Book Review: Helen Garner's Everywhere I look

June 01, 2016

I read Everywhere I Look , knowing very little about Helen Garner’s work or indeed her as an author. It was not at all what I expected. I have since learnt that nonfiction has been a staple of her literary repertoire and this, as a collection of essays and extracts is part autobiographical, part stream of consciousness and part random thoughts is just that. I have never been the sort of person who would just pick up a piece of non-fiction to read for fun, unless I was required to read for professional or formal learning purposes. As I was expecting fiction and got non-fiction, I admit I was a little non-plussed, but that is just me and not a reflection of the overall quality of the work. All of the vignettes are beautifully written, and provide insight not just into the emotional depths of the writer ( in a generic as well as “specific to Helen” sense) but also provided unique insight into some every day and not so everyday aspects of life. In this sense, the title Everywhere I look is both apt, and telling. The reader is put on notice to take note of the little things in life, the individual moments that while fleeting, fragile and mundane are important and fundamental to the very fabric our beings.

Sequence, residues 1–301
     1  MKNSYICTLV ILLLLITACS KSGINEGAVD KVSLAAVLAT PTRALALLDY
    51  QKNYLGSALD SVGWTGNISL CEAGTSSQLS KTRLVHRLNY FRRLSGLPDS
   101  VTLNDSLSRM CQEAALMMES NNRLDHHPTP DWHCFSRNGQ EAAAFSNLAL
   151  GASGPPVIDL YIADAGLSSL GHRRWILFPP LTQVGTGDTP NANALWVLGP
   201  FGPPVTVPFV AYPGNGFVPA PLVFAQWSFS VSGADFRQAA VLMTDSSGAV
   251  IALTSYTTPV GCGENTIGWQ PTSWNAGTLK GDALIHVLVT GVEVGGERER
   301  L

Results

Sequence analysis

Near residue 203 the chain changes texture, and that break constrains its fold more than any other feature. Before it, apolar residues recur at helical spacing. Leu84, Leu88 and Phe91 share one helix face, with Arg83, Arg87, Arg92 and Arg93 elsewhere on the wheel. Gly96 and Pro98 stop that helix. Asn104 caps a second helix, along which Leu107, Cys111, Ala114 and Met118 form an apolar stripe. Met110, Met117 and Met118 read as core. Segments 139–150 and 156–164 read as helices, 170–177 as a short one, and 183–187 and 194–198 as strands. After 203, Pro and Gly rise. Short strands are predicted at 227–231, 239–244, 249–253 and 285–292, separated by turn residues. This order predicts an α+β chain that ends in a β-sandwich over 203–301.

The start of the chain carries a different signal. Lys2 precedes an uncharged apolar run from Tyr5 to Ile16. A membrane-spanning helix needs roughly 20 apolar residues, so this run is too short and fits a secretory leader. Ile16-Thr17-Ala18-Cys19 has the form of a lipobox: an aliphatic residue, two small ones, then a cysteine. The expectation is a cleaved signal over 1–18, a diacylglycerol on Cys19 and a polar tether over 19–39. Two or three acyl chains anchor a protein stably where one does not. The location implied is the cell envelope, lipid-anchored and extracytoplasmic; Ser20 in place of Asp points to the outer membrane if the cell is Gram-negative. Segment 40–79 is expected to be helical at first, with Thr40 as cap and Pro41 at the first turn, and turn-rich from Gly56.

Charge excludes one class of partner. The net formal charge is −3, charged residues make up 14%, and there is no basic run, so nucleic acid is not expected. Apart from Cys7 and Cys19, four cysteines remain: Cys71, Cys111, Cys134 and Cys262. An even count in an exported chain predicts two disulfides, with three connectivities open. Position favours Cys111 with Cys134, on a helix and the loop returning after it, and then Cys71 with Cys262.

While the writing is nonfiction, there is a natural storytelling rhythm to the book. But despite the fact that the structure as a whole is divided loosely into themes, I found it fragmented and difficult to sink oneself into. Rather than an immersive journey it is more a flitting, fleeting snapshot of one story before we are brushed off to another like leaves on a breeze.  We are almost not allowed to deeply experience each facet, we can sense it and smell it, but not sink our teeth into it – look and by all means learn, but don’t touch. That is not to say that there is not depth or meaning in the elegant and intricate prose, for there is certainly that in spades, but the disjointed structure, and movement from insight to essay to review, made it difficult to really enjoy from go to woe. There were certainly lovely bits, and fans of Helen’s work will I’m sure get pleasure from it, but it just wasn’t my cup of tea. What do you think? 

  




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